SAN JUAN, Puerto Rico - Chanting ''No to the Navy!'' thousands of Puerto Ricans rallied in San Juan on Sunday to protest new U.S. military exercises on the outlying island of Vieques.
Jets from the USS Harry Truman aircraft carrier began dropping dummy bombs on Vieques on Thursday, and ships from its accompanying battle group will begin shelling the island later this month.
About 5,000 protesters marched in 90-degree heat to a rally at the gates of Fort Buchanan, an army base in suburban San Juan. There, organizers urged activists to redouble their yearlong effort to force out the Navy. Police said the protest was peaceful.
Activists claim the exercises endanger Vieques' 9,400 residents and have stunted economic development. But the Navy called the rally ''part of a multi-million-dollar smear campaign'' directed by groups who want independence for Puerto Rico.
''Most of these people have a political affiliation, and their cause has nothing to do with Vieques,'' said Navy spokesman Jeff Gordon.
Some of the protesters marched to the rally from the federal prison in San Juan, where authorities are holding 19 activists - including two local lawmakers - on charges of trying to enter the bombing range to halt exercises.
Attendance at the rally - organized hastily after the Navy announced the new exercises last week - fell far short of the 80,000 who marched at a similar event in February.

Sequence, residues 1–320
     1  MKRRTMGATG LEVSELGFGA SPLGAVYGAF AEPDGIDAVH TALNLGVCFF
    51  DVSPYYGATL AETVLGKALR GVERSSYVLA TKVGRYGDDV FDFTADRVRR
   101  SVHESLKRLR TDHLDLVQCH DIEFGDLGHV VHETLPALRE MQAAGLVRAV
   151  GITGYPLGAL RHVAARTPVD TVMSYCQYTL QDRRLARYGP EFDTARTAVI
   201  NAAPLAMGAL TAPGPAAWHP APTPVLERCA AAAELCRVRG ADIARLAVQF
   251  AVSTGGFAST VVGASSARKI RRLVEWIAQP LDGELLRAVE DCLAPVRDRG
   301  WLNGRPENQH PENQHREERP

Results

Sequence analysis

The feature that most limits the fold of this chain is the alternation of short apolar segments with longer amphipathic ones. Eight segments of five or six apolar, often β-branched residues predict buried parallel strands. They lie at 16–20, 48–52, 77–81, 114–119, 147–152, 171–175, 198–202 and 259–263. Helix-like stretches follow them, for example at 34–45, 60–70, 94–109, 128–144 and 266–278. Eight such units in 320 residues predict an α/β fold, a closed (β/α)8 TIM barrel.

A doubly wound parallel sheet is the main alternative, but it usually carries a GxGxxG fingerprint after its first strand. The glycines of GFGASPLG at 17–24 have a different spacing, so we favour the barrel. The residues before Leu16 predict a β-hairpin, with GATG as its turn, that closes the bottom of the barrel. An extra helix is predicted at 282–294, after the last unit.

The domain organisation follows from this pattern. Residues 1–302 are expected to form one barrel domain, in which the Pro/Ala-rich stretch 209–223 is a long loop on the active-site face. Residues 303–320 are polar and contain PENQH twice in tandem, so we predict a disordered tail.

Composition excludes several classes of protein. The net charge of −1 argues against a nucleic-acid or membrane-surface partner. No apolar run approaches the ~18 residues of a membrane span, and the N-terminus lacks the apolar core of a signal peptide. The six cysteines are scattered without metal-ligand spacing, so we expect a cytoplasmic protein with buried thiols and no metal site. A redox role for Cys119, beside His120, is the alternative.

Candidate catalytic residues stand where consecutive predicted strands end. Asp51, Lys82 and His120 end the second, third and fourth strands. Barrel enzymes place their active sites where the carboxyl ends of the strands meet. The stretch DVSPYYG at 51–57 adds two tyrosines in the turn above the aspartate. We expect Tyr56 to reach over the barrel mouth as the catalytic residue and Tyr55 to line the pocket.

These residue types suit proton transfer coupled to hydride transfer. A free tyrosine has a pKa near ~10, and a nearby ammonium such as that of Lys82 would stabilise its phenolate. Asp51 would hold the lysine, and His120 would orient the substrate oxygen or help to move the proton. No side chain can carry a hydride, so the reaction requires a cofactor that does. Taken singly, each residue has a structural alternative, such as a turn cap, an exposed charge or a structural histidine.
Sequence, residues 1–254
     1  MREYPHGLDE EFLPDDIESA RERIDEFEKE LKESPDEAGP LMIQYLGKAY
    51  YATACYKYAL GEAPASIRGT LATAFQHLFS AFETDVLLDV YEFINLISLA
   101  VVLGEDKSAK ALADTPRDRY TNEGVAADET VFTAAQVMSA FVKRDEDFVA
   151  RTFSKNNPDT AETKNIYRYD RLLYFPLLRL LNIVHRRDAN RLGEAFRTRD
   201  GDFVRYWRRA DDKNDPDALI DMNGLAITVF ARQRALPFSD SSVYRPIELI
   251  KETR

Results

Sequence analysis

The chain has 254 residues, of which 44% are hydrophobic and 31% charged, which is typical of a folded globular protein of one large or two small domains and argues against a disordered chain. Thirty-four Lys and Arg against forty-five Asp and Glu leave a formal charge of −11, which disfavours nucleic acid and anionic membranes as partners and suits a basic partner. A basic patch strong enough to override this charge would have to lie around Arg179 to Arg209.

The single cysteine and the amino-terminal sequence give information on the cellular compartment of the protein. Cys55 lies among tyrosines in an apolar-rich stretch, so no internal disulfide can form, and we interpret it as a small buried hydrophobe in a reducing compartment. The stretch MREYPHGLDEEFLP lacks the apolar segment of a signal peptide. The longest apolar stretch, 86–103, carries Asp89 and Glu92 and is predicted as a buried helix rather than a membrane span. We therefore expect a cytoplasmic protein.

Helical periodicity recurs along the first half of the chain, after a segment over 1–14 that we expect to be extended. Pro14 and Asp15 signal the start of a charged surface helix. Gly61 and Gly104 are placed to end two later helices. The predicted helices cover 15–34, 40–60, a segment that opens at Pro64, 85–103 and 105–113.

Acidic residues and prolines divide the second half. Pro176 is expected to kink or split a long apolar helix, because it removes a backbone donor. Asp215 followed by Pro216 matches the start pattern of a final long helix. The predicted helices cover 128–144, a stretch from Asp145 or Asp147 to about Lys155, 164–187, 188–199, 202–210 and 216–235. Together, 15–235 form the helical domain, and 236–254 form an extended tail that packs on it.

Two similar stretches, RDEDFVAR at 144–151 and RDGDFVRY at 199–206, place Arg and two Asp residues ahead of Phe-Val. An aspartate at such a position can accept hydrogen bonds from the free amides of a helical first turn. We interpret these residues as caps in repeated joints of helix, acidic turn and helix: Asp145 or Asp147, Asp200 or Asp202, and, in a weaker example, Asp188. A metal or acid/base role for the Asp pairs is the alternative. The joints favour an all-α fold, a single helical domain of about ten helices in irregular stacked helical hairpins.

Resentment over the Navy's presence in Vieques boiled over in April 1999 after a U.S. Marine Corps jet dropped two bombs off target, killing a civilian security guard working on the Navy bombing range. A study by the Puerto Rican government revealed other close calls and concluded the bombing has caused environmental damage - a charge the Navy denies.
Protesters built camps on the range, halting exercises for one year until U.S. Marshals cleared them out by force on May 4. Since then, more than 450 people have been arrested trying to re-enter the training ground.
President Clinton has promised to order the Navy out by May 2003 if Vieques residents vote in a referendum to expel them. Until the vote, expected next year, maneuvers are to continue with non-explosive bombs and shells.
But activists fear a new U.S. president may renege on Clinton's deal if a military emergency arises. They want the Navy to leave immediately.
On Sunday the Harry Truman battle group was on the high seas northeast of Puerto Rico, Gordon said. Its airplanes were dropping 25-pound metal bombs on Vieques.
The Navy and the Puerto Rican government have set up equipment to monitor the noise of guns when ship-to-shore shelling begins later this month, Gordon said.